The growth in the fake online news content and sites, which looks exactly like the real ones, is making it difficult for online users to spot the fake and the real or differentiate between the two.
The result is that a lot of people are seeing and believing false and fabricated stories. For instance, many Bhutanese Facebook users fell for the recent fake news about US president Donald Trump signing an executive order granting the Bhutanese a visa free entry to the US.
The story received numerous shares, comments and reactions seconds after it popped up on Facebook. Many believed the news to be accurate when in reality it was nothing but a totally made-up piece.
Kinley Dorji, a university graduate says it’s hard to make out if the stories are real news or fake stories. “These days, we are flooded with information and it’s hard to tell them apart. I’m sure there are others who are in the same boat as me.”
Kuenzang Lhophel Tobdhen is a student of Yangchenphug Higher Secondary School. He is from a class that has media studies as one of their subjects. While taking Media Studies has helped him learn read online stuffs critically, it is not always easy for Kuenzang to distinguish fake news from the real ones.
“I came across a thing about real dragon on Facebook once and I thought it was real. But later through research and discussions with my friends, I realised it was not true,” said Kuenzang.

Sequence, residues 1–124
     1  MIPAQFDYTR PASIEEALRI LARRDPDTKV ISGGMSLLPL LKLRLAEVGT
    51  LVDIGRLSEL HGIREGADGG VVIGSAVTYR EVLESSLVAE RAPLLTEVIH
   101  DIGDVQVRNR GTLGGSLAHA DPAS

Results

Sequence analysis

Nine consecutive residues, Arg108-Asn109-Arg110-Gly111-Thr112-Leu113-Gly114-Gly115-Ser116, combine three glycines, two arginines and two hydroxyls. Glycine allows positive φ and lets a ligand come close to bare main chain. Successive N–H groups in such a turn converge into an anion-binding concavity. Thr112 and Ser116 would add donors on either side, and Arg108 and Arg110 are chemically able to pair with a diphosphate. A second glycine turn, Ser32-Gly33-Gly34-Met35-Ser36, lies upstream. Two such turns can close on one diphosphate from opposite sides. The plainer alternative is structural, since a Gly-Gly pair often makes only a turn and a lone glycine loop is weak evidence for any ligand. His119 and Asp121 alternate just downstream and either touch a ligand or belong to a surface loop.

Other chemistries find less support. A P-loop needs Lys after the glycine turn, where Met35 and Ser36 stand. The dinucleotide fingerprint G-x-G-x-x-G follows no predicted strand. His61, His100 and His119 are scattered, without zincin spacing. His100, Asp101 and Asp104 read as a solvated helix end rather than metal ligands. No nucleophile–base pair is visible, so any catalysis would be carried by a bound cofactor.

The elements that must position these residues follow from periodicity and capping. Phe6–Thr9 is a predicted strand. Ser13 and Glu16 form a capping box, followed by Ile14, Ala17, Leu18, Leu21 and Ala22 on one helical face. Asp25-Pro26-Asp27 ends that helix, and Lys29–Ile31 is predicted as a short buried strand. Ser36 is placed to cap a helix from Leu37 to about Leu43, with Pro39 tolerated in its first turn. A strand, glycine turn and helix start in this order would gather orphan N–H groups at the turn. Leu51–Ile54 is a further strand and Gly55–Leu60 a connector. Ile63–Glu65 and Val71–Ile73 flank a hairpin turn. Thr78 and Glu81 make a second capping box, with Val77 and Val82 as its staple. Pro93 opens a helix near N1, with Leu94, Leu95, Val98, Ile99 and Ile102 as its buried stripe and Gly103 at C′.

Tshetsho Wangdi, another Media Studies student said most of the time he is able to make out what is real and what is not, but there are times when he falls for the fake news because they are “pretty believable”.
Kusum Latha Sharma, a media studies teacher with Yangchenphug Higher Secondary School, says her students are fairly better at analyzing media content compared to other students.
While the authenticity and reliability of online content has always been a concern, the rise of fake news has added to the problem. The coming of social media, particularly Facebook and Twitter, has made it easier for the fake news to reach millions across the world within seconds with many people now turning to social media as the primary source of news. But not everyone is aware that everything that appears on social media is not always accurate.
Many see media literacy as a key solution to tackling the rise of fake news and other inaccurate online content. This is exactly what the Department of Information and Media has been doing. The Chief Information and Media Officer, Tshering Yangden, says the department has been conducting media literacy programmes in schools and institutions.
“One of our divisions has been traveling around the country creating awareness among school and college students on how to use media constructively, and critique and analyse the materials they read.”
The department also conducts media literacy programmes for civil servants and media officers. Tshering Yangden added that they are planning to reach out to the communities in the next phase.